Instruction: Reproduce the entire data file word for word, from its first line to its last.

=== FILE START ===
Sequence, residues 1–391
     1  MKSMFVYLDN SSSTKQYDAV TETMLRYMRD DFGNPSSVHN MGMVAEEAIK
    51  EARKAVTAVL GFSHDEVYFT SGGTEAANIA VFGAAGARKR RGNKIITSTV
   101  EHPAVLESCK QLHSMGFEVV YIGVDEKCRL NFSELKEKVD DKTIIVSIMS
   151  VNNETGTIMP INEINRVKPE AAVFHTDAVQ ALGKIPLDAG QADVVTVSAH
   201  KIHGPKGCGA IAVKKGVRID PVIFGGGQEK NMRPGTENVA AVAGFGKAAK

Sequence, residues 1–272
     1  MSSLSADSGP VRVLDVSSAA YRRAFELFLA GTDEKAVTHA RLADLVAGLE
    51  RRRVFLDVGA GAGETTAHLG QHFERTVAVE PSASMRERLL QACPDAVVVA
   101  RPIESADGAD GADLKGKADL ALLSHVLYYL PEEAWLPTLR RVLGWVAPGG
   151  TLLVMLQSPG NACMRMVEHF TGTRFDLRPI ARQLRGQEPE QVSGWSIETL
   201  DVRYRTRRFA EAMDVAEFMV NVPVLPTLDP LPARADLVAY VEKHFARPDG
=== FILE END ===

Sequence, residues 1–391
     1  MKSMFVYLDN SSSTKQYDAV TETMLRYMRD DFGNPSSVHN MGMVAEEAIK
    51  EARKAVTAVL GFSHDEVYFT SGGTEAANIA VFGAAGARKR RGNKIITSTV
   101  EHPAVLESCK QLHSMGFEVV YIGVDEKCRL NFSELKEKVD DKTIIVSIMS
   151  VNNETGTIMP INEINRVKPE AAVFHTDAVQ ALGKIPLDAG QADVVTVSAH
   201  KIHGPKGCGA IAVKKGVRID PVIFGGGQEK NMRPGTENVA AVAGFGKAAK

Sequence, residues 1–272
     1  MSSLSADSGP VRVLDVSSAA YRRAFELFLA GTDEKAVTHA RLADLVAGLE
    51  RRRVFLDVGA GAGETTAHLG QHFERTVAVE PSASMRERLL QACPDAVVVA
   101  RPIESADGAD GADLKGKADL ALLSHVLYYL PEEAWLPTLR RVLGWVAPGG
   151  TLLVMLQSPG NACMRMVEHF TGTRFDLRPI ARQLRGQEPE QVSGWSIETL
   201  DVRYRTRRFA EAMDVAEFMV NVPVLPTLDP LPARADLVAY VEKHFARPDG